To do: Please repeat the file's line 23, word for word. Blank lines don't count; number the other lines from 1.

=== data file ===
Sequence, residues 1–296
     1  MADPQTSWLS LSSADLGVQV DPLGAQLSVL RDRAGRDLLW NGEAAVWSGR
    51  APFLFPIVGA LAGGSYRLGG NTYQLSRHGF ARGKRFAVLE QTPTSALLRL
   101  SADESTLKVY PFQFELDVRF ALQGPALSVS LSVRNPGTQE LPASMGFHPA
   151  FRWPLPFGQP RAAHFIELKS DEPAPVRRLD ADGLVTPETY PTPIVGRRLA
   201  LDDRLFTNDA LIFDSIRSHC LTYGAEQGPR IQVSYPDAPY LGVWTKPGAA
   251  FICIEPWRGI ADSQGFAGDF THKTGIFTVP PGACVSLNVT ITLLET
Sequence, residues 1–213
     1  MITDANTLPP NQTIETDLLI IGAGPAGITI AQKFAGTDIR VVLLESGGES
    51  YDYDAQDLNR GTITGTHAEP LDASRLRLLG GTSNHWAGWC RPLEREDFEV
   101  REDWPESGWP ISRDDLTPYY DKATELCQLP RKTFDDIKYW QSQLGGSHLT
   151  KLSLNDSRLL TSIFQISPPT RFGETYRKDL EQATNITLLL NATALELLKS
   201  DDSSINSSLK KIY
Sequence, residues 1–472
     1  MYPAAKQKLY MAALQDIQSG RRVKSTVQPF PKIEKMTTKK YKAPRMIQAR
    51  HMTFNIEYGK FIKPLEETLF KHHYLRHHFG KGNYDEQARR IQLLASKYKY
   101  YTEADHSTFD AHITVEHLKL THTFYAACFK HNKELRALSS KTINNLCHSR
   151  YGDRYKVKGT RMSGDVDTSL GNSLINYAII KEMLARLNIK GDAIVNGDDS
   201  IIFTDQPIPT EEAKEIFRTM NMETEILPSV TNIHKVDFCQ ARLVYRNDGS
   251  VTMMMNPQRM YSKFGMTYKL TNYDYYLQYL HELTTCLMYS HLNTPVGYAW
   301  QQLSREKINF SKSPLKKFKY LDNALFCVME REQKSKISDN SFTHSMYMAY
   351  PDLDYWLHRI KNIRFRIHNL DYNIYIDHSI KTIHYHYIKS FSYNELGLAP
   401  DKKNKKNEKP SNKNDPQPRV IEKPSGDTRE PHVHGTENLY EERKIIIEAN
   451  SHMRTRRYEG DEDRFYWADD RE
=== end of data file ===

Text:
   401  DKKNKKNEKP SNKNDPQPRV IEKPSGDTRE PHVHGTENLY EERKIIIEAN